OPINION

Shouldering arms to sports controversies

See it: That arm. Raised. Photo: Screenshot of the Nine broadcast
See it: That arm. Raised. Photo: Screenshot of the Nine broadcast

Arms. Wow, don't they cause some strife?

It's probably reasonable to assume that in any sports drama with a code of football at its core, arms are highly likely to play the arch-villain.

Arms are, after all, diametrically opposed to the star of the show, the "foots".

So really, maybe we shouldn't be quite so alarmed when arms are the cause of chaos.

Witness the NRL grand final on Sunday night. Referee Ben Cummins changed the course of the game when he waggled his arm above his head for a second or two.

That arm movement - however brief - signalled to the Canberra Raiders they had time on their side. And in the 73rd of a premiership decider, that was crucial. The problem was they didn't and almost as soon as he raised his arm, Cummins changed his mind.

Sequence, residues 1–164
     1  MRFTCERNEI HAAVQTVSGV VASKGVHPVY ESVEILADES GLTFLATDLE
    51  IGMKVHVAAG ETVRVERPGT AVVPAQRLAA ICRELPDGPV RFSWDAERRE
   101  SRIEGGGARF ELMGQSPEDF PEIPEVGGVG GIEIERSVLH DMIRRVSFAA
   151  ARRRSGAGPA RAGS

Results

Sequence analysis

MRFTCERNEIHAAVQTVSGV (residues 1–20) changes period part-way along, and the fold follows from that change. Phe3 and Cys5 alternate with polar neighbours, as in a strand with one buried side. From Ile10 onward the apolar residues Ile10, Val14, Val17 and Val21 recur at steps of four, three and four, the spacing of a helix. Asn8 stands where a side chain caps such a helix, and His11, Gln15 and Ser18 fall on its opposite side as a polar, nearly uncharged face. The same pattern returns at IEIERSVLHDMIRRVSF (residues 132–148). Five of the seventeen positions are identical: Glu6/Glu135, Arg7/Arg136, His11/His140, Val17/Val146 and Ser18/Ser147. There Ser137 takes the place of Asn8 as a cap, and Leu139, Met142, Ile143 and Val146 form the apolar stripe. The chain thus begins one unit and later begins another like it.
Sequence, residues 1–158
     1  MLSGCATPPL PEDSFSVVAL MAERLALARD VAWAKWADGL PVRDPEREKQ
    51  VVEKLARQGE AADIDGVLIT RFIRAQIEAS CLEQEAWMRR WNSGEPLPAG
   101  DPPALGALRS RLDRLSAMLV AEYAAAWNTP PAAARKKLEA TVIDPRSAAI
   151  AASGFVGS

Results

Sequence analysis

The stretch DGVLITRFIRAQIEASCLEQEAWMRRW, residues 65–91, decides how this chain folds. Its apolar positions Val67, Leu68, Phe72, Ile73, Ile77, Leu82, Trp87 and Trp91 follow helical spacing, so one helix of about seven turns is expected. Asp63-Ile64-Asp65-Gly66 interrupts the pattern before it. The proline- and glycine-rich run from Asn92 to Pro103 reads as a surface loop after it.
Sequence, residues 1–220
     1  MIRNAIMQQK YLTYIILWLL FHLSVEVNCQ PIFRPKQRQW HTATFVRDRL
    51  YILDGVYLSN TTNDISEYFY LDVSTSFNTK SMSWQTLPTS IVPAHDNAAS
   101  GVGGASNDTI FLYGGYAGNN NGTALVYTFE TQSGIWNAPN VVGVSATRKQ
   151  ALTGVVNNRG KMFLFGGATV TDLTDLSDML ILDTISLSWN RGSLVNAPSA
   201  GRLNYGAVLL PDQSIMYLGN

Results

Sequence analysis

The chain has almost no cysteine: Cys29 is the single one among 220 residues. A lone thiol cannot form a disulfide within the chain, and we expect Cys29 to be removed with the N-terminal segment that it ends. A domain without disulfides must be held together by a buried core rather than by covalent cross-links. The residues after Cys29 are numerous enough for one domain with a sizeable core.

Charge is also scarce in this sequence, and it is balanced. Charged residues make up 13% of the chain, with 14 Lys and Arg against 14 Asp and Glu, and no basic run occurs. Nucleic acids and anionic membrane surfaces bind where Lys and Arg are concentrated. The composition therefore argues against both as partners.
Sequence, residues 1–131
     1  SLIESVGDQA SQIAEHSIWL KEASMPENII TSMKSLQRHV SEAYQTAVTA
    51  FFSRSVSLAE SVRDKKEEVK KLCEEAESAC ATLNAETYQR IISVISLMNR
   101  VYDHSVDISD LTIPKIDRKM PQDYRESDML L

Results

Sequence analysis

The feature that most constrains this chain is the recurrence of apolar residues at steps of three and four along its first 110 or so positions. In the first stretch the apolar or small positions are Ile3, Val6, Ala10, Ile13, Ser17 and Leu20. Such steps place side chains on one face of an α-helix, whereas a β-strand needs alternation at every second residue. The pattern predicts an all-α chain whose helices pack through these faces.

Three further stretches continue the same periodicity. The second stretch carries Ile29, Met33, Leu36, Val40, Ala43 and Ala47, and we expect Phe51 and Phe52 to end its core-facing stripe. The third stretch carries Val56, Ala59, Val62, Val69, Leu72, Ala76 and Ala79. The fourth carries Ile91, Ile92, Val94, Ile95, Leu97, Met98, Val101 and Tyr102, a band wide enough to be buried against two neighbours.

The "six again" controversy has enveloped the sport. Given it a veritable bear hug of Mal Meninga proportions if we're to extend that arm metaphor.

Only a fortnight before was there another arm/hand drama when a touchie ruled on the Melbourne Storm's last throw of the dice that winger Suliasi Vunivalu went into touch. He didn't.

AFL has had its arm-related incidents, the 'Selwood shrug' prompting all sorts of commentary of the past couple of seasons.

But nowhere near as much as the most celebrated of all international arm incidents which ticked over 33 years of outrage earlier this year.

It was, of course, the 1986 World Cup quarter-final between Argentina and England.

The game was scoreless when defender Steve Hodge looked to hoof clear a ball but sliced it towards his own goal. As goalkeeper Peter Shilton loomed towards it, so too did an Argentinian - Diego Maradona.

That Shilton stands 20cms taller than the then-pocket dynamo (and could legitimately use his hands) clearly meant nothing. The Argentinian No.10, left arm outstretched as he leapt, managed to connect with his fist and in it went.

All sorts of drama ensued and continued relentlessly until 2005 when Maradona admitted he scored with his hand. It was reignited a few years later when an English newspaper wrote the Argentinian had apologised. He hadn't and the Hand of God debate continues, unabated.

Thanks to a huge dollop of diplomacy from Raiders coach Ricky Stuart, this is unlikely to escalate to such epic proportions.

But the significance of arms in football should never be underestimated.

Janine Graham is an ACM journalist